I want to close off this series of apologetics posts by considering some more quasi-intellectualism from the critic of presuppositional apologetics whom my debater FF relied upon for most of his reasoning. I have named him “Flaw” since he claims to have found the “fundamental flaw” within presuppositional apologetics. In his eight minute video rebuttal of the transcendental argument for God (TAG), he sounded clever, but sounded was the operative word. Consider that in setting presuppositionalists straight Flaw’s starting point is:
“The necessity of reality itself.”
One might think that this is a natural enough place to begin. But look again at what is being asserted. “Reality” (without God mind you) is “necessary.” Now a necessary thing is something which does not depend on anything else for what it is, but which other things need for their existence. To give a formal definition. “Necessary” is,
“[The] quality of a being that has the cause of its existence within itself; not ontologically dependent.” – William H. Halverson, A Concise Introduction to Philosophy, (4th edition), 483.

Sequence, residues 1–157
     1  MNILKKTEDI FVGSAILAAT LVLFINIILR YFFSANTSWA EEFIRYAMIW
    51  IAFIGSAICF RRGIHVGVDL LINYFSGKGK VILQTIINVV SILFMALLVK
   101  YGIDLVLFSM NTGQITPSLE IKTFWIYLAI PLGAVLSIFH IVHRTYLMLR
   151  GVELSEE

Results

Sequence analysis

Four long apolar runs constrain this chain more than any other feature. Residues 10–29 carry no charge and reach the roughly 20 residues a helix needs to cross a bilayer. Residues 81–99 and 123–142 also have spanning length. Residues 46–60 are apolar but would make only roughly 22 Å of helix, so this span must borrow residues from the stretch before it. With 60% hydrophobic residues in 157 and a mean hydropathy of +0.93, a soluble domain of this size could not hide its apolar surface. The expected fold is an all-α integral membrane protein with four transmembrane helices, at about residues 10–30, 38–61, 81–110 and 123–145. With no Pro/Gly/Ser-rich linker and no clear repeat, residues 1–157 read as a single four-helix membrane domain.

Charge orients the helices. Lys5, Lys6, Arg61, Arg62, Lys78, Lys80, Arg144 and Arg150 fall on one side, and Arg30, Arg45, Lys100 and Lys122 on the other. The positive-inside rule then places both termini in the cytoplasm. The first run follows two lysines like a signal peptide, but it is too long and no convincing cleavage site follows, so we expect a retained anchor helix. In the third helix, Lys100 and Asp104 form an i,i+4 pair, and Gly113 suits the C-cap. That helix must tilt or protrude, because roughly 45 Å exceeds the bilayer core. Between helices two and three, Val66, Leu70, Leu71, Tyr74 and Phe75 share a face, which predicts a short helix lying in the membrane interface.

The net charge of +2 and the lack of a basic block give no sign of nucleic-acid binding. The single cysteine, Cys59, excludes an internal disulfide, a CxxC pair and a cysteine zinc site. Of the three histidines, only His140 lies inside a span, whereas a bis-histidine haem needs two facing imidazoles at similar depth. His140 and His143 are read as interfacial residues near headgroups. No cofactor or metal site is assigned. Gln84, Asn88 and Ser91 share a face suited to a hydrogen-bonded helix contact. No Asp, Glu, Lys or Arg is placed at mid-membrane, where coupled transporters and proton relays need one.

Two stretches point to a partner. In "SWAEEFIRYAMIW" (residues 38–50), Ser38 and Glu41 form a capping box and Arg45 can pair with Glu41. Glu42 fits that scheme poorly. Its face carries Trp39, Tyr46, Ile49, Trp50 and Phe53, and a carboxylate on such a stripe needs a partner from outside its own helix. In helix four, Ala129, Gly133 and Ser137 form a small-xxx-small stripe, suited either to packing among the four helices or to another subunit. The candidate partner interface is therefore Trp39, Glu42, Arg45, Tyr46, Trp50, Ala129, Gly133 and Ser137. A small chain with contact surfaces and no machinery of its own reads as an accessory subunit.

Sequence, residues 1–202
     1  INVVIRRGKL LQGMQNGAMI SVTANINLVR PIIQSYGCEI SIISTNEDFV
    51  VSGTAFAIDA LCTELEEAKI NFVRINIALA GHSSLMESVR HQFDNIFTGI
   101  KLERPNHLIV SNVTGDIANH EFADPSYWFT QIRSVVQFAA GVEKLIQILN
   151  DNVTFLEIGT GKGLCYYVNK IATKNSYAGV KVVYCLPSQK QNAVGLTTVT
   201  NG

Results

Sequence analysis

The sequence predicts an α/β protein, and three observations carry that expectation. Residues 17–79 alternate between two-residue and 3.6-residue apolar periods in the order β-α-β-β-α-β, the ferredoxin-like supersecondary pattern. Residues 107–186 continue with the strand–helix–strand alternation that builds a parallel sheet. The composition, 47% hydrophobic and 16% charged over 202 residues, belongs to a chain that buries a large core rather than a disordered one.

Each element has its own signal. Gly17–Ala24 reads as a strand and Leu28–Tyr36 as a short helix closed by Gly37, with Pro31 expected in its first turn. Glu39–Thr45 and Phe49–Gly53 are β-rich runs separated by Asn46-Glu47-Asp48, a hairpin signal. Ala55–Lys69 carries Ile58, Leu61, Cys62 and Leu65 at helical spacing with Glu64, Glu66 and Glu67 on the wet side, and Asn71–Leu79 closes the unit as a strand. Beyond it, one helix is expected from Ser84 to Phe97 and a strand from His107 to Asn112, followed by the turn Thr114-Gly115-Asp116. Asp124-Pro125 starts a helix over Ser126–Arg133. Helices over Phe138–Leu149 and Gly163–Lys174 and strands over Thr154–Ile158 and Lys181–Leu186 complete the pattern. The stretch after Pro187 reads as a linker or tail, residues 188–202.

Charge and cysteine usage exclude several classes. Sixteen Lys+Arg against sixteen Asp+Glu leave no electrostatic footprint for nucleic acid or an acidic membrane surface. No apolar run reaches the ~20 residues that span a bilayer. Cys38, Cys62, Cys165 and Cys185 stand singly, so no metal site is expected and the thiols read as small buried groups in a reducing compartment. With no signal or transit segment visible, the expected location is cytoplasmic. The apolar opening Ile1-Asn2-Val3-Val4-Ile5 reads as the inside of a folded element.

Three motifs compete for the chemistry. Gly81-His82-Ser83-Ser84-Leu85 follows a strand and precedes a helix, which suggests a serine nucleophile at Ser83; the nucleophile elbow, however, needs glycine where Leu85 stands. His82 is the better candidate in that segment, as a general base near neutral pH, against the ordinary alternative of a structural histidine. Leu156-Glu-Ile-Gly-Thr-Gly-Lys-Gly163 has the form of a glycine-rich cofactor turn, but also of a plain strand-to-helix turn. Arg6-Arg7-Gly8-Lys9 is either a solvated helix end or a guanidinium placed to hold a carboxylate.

Right from the get-go our critic of presuppositional apologetics is in the mud. Does he really intend to stand on the assertion that “reality” is “necessary”? If so, which part or parts of “reality” are necessary (i.e. non-contingent?). He doesn’t say.
What, we may inquire, is “reality” in this point of view? Perhaps it’s the natural world? But is this planet’s eco-system necessary, in the sense above? Of course it isn’t. The rest of the Cosmos could go on doing its thing without Earth being there.
Very well, is he saying “reality” as the Cosmos? is necessary? He can’t mean the Cosmos is necessary surely? Which astro-physicist or astronomer will agree with him on that one? Not even those who tout the Anthropic principle will go so far as to say the universe is necessary. In fact, not even any Christian theologian will say such a thing, since the universe is created by God.